Planet Coaster is the kind of game that is a dream come true for all Simulation fans. It’s not an easy game to just jump into, though. To really enjoy it, you will have to put in a good amount time and effort into it. In this Planet Coaster review, I hope to help you do just that.
If you’ve ever played a game from the RollerCoaster Tycoon franchise, then you know that it’s hard to get tired of building rollercoasters. If not, you will definitely want to do so after playing this latest release of one of the most successful simulation games in history.
Planet Coaster delivers more than what has been promised because it offers players a great soundtrack, impressive lighting effects and a simple yet intuitive user interface. The game offers players the ability to customize their own maps and buildings which makes things even better for those looking for a new creation tool.
Planet Coaster, by Frontier Developments and released on Steam on November 17, 2016 is a theme park simulator video game that allows you to build a rollercoaster-featuring theme park like no other. Theme parks were always about two things: rides and food. But Planet Coaster focuses on rides alone, so all of your visitors will be packing pounds. This has consequences if you don’t cater to the visitor’s tastes.
The game, in short, is absolutely amazing ; Barring the fact that I could not spend more time than I already do playing it (I’d be broke), I’d play this game every day, at least until they opened their doors and let me work their rides myself. Of course there are a few bugs here and there; For example, once my car rolled out of the park gates, was incinerated and turned into scrap at the junkyard by the time I had reached my first meeting; And yet another time a single wood coaster got stuck on itself for no apparent reason.
However, these are only small bumps in an otherwise amazing construction experience; And with frequent updates adding new rides and features to the game, we should have plenty to look forward to in Planet Coaster’s future.
Planet Coaster, the latest game in an almost twenty year old series of theme park sims is finally with us. The first game that this series has seen since Frontier Development’s last major update of Planet Coaster in 2016, this new iteration brings with it a bevy of information related to the simulation we know and love.
It’s been years since we’ve even seen a release from the most famous developer of theme park management simulations in the world, which means that Planet Coaster was destined to have some very large shoes to fill.
What fate has befallen Planet Coaster on its way here? Has it become one of Frontier Developments’ best games yet? Is it successful as a modernized sequel? Or does it fail on a huge level? That’s what this review is here to answer, so take a seat and strap yourself in for the least-ambitious hyperbolic setup I’ve ever written up.
Planet Coaster is a game that sets out to make you feel like a theme park owner (not ride operator). It gives you the tools to design and construct your own parks, maintain them, host guests to visit and come back often, as well as market your park and improve its profitability.
Planet Coaster is just about everything I could have asked for in a modern resurrection of the theme park sim genre – and then some. Frontier Developments had a tall task when it came to making this game, not just due to the sheer size of their last project but also because of the reputation of the genre overall. This game is just bursting with content and contains enough features to satisfy even the most discerning player.
Planet Coaster’s core building mechanic, familiar to fans of old-school rollercoasters and amusement parks alike, is a landscape editor that functions as both a blank palette and an unexpected swiss army knife. You can paint the curved roofs of gift shops in gentle roof shadows or fill the gaping mouths of hungry dinosaurs with roaring rides—all with a few brush strokes on a 2D surface.
The basic routine of building and running a park manages to be more straightforward and intuitive than its extreme versatility would suggest.
Planet Coaster offers you a choice of creative tools that allow you to build a theme park from scratch and shape it by adding rides, coasters, shops, decorations and more. If you are too much into making things look cool or replacing everything with other colors, there is also the option to use premade items like shops or coasters.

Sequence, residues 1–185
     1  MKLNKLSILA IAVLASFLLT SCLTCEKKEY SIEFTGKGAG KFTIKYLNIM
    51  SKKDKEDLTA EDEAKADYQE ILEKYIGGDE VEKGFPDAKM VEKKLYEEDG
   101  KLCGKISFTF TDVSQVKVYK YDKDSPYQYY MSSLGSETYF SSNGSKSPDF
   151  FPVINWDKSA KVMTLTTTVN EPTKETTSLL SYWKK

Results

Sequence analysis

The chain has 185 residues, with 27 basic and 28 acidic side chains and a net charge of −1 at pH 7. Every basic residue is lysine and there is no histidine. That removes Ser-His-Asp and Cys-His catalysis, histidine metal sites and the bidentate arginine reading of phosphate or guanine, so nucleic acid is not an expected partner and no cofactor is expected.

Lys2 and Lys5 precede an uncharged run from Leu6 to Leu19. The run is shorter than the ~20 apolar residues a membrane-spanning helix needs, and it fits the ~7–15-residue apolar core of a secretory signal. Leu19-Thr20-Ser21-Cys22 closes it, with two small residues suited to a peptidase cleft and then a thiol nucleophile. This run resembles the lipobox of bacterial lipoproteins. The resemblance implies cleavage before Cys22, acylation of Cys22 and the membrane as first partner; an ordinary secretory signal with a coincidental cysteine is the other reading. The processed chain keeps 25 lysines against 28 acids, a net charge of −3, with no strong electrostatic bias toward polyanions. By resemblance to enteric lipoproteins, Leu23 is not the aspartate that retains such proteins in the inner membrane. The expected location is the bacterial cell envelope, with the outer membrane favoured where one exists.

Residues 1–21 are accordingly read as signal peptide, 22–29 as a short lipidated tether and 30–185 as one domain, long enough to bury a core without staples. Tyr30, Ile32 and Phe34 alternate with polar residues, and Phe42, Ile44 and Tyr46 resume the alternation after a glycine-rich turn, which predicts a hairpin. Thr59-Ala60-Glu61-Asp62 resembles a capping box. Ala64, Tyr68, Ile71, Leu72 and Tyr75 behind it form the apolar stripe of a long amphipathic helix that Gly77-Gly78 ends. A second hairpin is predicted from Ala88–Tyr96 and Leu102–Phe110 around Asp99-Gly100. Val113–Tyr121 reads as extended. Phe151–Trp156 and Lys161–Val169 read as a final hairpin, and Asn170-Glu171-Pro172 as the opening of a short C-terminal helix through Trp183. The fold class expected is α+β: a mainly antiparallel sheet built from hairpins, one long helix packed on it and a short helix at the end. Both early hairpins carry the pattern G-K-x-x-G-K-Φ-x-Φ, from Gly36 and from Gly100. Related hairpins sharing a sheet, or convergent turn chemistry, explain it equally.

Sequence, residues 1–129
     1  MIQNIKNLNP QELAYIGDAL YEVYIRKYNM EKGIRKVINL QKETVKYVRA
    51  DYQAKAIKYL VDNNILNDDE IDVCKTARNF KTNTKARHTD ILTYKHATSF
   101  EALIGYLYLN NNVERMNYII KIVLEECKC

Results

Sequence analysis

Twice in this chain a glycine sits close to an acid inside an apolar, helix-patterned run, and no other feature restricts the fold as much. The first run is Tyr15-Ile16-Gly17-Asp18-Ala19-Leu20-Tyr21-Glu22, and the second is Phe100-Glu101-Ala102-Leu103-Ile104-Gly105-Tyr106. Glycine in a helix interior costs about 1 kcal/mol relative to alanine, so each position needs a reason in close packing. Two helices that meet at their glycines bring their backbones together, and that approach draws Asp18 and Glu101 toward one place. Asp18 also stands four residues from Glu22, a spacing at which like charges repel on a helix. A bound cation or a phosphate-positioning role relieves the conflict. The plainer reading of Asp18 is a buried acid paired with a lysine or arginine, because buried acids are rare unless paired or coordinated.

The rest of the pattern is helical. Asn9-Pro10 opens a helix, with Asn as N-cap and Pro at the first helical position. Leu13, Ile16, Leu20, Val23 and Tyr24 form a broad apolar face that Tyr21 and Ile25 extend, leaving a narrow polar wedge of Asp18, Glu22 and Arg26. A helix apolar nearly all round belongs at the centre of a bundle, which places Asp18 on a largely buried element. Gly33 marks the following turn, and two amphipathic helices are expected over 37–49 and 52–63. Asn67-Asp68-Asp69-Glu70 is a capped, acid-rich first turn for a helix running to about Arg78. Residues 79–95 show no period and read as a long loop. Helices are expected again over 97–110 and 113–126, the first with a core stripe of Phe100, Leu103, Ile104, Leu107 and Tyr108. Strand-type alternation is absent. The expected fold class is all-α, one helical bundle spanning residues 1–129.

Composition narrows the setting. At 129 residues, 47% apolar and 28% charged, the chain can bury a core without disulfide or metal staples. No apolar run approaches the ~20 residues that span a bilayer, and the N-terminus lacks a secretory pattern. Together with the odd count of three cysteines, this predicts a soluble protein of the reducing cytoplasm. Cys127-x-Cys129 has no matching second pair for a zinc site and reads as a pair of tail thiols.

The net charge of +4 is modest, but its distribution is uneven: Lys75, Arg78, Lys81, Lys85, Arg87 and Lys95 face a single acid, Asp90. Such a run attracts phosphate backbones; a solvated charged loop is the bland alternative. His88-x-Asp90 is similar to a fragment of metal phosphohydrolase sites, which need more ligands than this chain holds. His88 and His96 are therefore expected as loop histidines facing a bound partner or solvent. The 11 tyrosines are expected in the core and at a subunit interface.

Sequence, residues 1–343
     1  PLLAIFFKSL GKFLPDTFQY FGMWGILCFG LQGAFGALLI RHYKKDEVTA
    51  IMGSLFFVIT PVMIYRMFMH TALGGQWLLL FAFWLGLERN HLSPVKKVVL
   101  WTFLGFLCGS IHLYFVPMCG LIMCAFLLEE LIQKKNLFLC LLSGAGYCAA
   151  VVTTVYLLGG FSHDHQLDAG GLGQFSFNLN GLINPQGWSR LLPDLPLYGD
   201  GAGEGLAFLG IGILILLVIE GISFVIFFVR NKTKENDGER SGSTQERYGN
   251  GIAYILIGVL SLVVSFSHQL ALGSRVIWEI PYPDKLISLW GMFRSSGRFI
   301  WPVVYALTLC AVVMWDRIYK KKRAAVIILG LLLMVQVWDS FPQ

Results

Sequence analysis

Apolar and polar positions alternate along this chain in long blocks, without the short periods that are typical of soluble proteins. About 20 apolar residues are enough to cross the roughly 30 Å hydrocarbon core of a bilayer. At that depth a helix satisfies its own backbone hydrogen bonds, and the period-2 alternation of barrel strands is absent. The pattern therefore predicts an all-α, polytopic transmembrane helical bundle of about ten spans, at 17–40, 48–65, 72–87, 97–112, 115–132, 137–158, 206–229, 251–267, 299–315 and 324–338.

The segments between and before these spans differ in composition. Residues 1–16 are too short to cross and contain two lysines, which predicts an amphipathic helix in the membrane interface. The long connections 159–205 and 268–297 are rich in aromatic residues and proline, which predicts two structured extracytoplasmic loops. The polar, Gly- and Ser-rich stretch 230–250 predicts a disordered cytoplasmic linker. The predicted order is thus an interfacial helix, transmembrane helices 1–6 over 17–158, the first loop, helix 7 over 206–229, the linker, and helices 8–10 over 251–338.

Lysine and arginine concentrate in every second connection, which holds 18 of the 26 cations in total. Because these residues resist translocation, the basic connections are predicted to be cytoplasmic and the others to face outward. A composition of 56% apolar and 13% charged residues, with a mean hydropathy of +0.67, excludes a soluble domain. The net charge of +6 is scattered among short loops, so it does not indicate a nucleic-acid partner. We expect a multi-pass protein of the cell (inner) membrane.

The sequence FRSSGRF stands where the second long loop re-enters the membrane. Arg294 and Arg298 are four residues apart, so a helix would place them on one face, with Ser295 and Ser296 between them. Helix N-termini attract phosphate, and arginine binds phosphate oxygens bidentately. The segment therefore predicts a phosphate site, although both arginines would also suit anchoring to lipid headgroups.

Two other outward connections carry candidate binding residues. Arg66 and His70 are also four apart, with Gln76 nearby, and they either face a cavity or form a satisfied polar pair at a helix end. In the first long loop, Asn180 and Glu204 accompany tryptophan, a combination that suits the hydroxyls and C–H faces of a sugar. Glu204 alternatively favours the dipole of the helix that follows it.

Planet Coaster is without a doubt the most versatile coaster builder I can remember playing and is a bit overwhelming for beginners. For example, it took me quite some time to figure out how to adjust the height of the paths leading up to stations.
Planet Coaster’s coaster builder is the clear showpiece, allowing players to freely build out their own wild creations with a huge variety of pieces and structures. When you sit down to design your first coaster, you are greeted with the main tools menu.
The editor lets you select rails, scenery pieces, and prefabs (more on those in a bit) and place them wherever you want. You can rotate, resize, and switch between six different rail types (straight, banked/banked reverse, lift hill/lift hill reverse) at any point as well.
While it kept me busy trying to park guests when I reviewed Planet Coaster early access , last week marked the worldwide release of the finished game—and that meant it was time to revisit my project and see what sort of reception it got.
I was happy with how things had fared overall: while I’d overestimated the appeal of a dozen or so rides (a monorail simulator, a haunted house kiddie coaster, a log flume ride), most of my more popular attractions were doing rather well.
Planet Coaster satisfies me because, as both a theme park enthusiast and a ride designer, it hits the sweet spot of my interests. Park management is no more complicated than placing a gate in front of a ticket counter and then splashing some paint around to keep your guests from noticing how barren your empty park truly is, but the game’s depth becomes apparent as you build larger numbers of attractions and spend more time connecting them with paths, shops, and scenery.
While the game does offer unlimited funds for most objectives, I found that steady cash flow wasn’t always necessary to score well on objectives or rank up on your career path.
As someone who actively enjoys the different themes of rollercoasters, from wooden giants to twisting steel behemoths, when I first heard about Planet Coaster’s theme park management system, I jumped at the opportunity to get a chance to step into this one-of-a-kind Management tycoon game. Planet Coaster has been out for over half a year now and has seen many updates and fixes based on community feedback.
However, the long awaited release of full mod support means that players will have access to an endless variety of additions and changes to spice up their experience.
Planet Coaster’s main mode consists of three different scenarios, which you can play in any order before moving onto the next. In Challenge mode, you are given a space to build your park with very little money, and must make do with what pre-built attractions that you can afford until you unlock new rides through research.